Human reproduction is shaped and claimed by various discourses on the body, self-determination, the definition of the family, and the admissibility of human intervention. It is governed by numerous norms while itself generating normative ideas and leading to social, ethical and legal consequences. Reproductive medicine is developing rapidly, so research into the normative paradigm shifts associated with new reproductive possibilities is important both to Swiss and international science and to national and global society. Research has to consider the experiences of other countries and adopt a comparative approach; it must also be heuristically open, evolve around the findings from empirical research and include citizen science to achieve valid results. The main scientific questions of the project cover both the traditional and the new normativity of human reproduction:
This project unites competencies in law, philosophy, ethics, history, and gender studies to unfold, analyze, and question various explicit and implicit normative assumptions.
The Project entails three research areas, which are interlinked by a common methodological-reflective framework.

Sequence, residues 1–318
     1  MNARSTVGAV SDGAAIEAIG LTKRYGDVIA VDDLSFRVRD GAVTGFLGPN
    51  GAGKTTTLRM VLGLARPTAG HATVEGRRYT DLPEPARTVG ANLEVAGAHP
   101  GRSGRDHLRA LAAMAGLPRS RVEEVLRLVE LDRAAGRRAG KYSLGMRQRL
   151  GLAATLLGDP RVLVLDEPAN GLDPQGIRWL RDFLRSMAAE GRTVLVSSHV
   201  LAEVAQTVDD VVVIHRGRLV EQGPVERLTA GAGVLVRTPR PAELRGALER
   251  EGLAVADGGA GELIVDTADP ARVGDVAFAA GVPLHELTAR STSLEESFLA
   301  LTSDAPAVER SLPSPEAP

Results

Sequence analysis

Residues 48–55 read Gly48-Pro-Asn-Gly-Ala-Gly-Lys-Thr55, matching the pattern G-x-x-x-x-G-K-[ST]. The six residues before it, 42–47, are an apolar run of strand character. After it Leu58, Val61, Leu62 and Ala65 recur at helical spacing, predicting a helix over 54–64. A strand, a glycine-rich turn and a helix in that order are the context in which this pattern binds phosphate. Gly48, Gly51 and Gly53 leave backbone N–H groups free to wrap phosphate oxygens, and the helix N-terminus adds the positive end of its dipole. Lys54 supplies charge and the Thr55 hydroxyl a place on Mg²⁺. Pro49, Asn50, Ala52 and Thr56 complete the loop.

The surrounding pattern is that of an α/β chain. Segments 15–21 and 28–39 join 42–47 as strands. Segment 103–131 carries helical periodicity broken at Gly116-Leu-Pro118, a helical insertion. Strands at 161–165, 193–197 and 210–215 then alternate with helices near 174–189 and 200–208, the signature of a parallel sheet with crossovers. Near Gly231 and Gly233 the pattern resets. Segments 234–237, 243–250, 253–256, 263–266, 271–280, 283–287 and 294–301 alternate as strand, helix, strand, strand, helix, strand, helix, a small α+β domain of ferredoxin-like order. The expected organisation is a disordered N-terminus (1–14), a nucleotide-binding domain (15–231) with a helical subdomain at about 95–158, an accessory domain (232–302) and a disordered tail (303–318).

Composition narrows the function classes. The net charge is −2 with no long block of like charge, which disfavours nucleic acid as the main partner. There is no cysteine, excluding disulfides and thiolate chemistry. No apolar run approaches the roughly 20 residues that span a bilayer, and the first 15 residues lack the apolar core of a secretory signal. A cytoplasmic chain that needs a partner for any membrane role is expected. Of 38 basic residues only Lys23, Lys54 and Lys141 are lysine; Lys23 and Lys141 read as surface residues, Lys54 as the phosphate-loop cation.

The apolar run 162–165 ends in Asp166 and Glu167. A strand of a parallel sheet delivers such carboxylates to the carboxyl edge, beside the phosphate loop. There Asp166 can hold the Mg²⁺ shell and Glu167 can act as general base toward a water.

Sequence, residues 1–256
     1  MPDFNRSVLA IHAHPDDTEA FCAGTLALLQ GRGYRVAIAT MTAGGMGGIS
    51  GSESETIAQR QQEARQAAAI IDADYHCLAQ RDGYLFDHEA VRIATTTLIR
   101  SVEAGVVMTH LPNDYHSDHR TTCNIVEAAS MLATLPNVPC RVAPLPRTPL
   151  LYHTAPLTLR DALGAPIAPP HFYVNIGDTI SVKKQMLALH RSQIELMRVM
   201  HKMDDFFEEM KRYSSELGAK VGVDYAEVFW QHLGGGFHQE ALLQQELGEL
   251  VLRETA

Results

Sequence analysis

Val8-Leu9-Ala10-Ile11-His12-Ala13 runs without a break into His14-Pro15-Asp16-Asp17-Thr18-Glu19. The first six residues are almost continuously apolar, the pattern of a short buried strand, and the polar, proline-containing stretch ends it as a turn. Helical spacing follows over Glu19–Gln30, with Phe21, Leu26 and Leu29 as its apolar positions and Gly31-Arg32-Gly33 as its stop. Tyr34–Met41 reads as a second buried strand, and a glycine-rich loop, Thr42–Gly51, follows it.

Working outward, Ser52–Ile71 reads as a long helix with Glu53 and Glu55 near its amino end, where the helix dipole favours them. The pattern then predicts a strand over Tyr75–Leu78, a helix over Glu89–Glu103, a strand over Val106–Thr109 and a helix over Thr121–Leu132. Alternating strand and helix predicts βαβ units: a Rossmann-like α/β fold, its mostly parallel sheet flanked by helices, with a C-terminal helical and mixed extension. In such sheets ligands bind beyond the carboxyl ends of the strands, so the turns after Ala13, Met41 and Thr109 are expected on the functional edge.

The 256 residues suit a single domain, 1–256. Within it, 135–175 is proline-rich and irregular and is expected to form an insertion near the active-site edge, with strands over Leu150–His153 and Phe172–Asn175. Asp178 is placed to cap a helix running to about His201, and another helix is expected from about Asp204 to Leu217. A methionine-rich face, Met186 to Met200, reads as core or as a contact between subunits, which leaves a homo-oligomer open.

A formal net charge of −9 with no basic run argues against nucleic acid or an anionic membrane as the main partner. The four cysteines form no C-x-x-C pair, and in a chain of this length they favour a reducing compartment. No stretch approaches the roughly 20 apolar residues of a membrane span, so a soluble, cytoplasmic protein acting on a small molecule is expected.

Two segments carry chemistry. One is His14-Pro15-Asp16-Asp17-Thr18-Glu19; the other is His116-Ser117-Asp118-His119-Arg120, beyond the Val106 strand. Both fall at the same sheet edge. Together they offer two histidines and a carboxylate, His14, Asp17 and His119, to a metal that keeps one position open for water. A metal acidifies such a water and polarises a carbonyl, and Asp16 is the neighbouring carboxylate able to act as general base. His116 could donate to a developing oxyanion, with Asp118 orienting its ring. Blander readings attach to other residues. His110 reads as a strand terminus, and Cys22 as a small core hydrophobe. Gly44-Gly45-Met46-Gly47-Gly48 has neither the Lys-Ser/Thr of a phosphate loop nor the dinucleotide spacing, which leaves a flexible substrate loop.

Eternally Binding Care - On the Suitability of the Status Law of Parentage to Represent Plural and Relational Conceptions of Parenthood (by Fiona Behle)
Swiss parentage law is status law and regulates the legal assignment of children to 'their' parents. The traditional family conception of the Swiss Civil Code favors heterosexual, married couples with children and assumes two-parent families. The two-parent principle and the concept of two-parent families makes it impossible to legally represent the many different forms of families and kinship that exist. The goal of this dissertation is to examine the legal figure of parental status, its emergence, as well as the possibility for an inclusive, caring conception of parenthood and parentage law inherent in it.
Reproductive Autonomy, Medically Assisted Reproduction and Genetic Responsibility. Genesis and validity of a bioethical discourse paradigm of social generativity from a protestant theological perspective (working title; by Dr. Michael Braunschweig)